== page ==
On the Record

Homegrown pastry chef

On the Record with Meg Galus

Growing up, Meg Galus didn’t own an Easy Bake oven. She didn’t want to be a baker, she wanted to act and be in theater.

After graduating from DeKalb High School in 1996, Galus attended Illinois Wesleyan University and earned a bachelor’s degree in Theater Arts. Galus traveled to live and work in London for a year, and then moved to Chicago for her acting career.

When her mother died, Galus decided to make a list of things she was good at and enjoyed doing. She realized that she wanted to bake.

Galus enrolled in culinary school and graduated from the French Pastry School in Chicago in 2005. She is now the executive pastry chef at Boka and Swift & Sons, both restaurants in Chicago.

Among her many accolades, Galus received the StarChefs Rising Star award in 2011, being named one of Tasting Table’s Top 10 Best Pastry Chefs in 2012 and the winner of the Chicago Restaurant Pastry Competition in 2013.

Most recently, Galus was named Chicago Tribune’s 2016 Pastry Chef of the Year, the Jean Banchet Pastry Chef of the Year in 2017 and was a finalist in 2016 and semifinalist in 2017 for Outstanding Pastry Chef for the James Beard Awards.

She also has traveled to more than 25 countries, including cruising through Antarctica, and gave President Obama a box of chocolates and note to celebrate his wedding anniversary.

Galus returned to her hometown Friday to address the April meeting of the DeKalb Women’s Club.

Galus met with MidWeek reporter Katrina Milton to discuss her transition from actress to pastry chef, her love of baking and advice for future chefs.

Milton: Did you always love to bake?

Galus: Growing up, I always loved to bake, but I never had an Easy Bake Oven. I had a Barbie Ice Cream Shop, and I liked to make ice cream. My grandmother was a baker, and I remember her teaching me how to bake Christmas cookies and bread when I was young. I never thought of baking as a career until my mid-20s.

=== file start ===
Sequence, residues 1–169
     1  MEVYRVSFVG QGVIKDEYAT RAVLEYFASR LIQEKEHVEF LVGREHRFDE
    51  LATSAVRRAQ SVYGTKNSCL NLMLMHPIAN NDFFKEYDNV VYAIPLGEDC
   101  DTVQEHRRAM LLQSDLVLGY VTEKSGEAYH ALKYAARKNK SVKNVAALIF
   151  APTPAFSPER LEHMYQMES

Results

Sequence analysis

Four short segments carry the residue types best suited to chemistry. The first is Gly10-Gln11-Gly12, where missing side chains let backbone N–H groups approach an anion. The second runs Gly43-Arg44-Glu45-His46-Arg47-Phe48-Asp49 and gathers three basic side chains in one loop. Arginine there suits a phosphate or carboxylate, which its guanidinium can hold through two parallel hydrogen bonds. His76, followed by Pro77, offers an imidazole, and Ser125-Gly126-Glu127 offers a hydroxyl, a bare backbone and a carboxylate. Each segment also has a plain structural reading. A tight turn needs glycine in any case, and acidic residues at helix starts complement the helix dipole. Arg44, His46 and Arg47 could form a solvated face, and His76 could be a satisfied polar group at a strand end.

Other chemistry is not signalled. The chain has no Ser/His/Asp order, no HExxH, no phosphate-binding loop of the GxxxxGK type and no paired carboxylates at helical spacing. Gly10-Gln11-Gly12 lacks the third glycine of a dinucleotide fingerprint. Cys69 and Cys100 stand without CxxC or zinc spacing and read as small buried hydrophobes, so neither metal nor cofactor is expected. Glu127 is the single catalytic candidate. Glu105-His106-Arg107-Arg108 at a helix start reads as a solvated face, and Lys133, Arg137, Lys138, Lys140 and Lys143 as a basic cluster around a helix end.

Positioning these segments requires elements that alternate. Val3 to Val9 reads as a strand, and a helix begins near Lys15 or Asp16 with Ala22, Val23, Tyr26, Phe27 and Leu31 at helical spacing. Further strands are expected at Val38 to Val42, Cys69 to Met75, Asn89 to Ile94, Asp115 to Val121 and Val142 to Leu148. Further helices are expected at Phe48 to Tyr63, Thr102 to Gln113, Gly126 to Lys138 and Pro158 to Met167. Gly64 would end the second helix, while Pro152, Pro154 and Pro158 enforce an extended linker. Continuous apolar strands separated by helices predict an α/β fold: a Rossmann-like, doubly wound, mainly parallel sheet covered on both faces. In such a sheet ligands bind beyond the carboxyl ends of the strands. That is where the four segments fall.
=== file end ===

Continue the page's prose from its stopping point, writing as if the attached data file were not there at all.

Milton: How did you decide on baking?

Galus: I wanted to do something every day I loved and to make people happy. When my mom died, I became very introspective. I made a list of what I loved and what I was good at. Then I started to do some research, and I realized what path I should take. My mom was a really kind and giving person, she taught kindergarten for years and years. She found a way to make people’s lives better. I wanted to do that, to change my life and not live for only myself.

Milton: What do you make as a pastry chef?

Galus: I make a little bit of everything: ice cream, cakes, cookies, custards, whipped cream. I love chocolate, so I love to make bonbons, truffles and chocolates. I also make macaroons, breakfast pastries, doughnuts and croissants.

Milton: Do you consider baking a job?

Galus: It’s definitely a job, but I love it. There’s a lot about my job that’s not fun, like creating schedules and costing recipes. I still love to bake, and I love what I do. Baking is a lifestyle, you can’t just bake at work and not want to bake at home. I’m really lucky to be doing what I love. I enjoy working with my hands, being creative and teaching my staff.

Milton: Tell me more about your staff.

Galus: At Boka, I have a sous chef and three full-time pastry chefs. At Swift & Sons, I have a sous chef and six to seven pastry chefs, depending on the season. The chefs range from new graduates of culinary school to experienced chefs.

Milton: What are your goals for the future?

Galus: I can see myself owning a chocolate shop, small bed and breakfast or a tea room. We’re opening a third restaurant in a couple of months, so I’ve already been thinking about menus and dessert ideas.

Milton: What is your reaction to being named Chicago Tribune’s 2016 Pastry Chef of the Year?

Galus: I’m thrilled and honored, but also humbled to be recognized. I wouldn’t have been named without my team, chefs and staff. It is a team effort, and I could not do what I do without them. Also, there are other pastry chefs who are just as deserving as me. The Chicago restaurant community is so supportive. We see each other as friends, not as rivals. We help each other when we can. I am so appreciative of everyone’s help.

Milton: Do you have advice for future chefs?

Galus: If you’re looking to get into the industry, choose the people you work with and work for very carefully. You should not only choose a restaurant with chefs that are achieving great things, but choose one where the staff is working professionally at their highest levels. You should not choose somewhere that you will be the best, but go where you have to fight to be the best. You need to push yourself to be better. Nobody is going to create your career other than you. You have to push yourself forward to accomplish that next step. It’s earned by working really, really hard.

Milton: Do you have baking advice for readers?

Galus: It’s easy to be intimidated by recipes, with so many steps and directions. You can do some of the work ahead and freeze dough and batter. Take breaks. The important thing is to have fun. If it tastes good before you use it in a recipe, it will make a good product. You can’t make something amazing with bad ingredients. Also, don’t forget to use salt.

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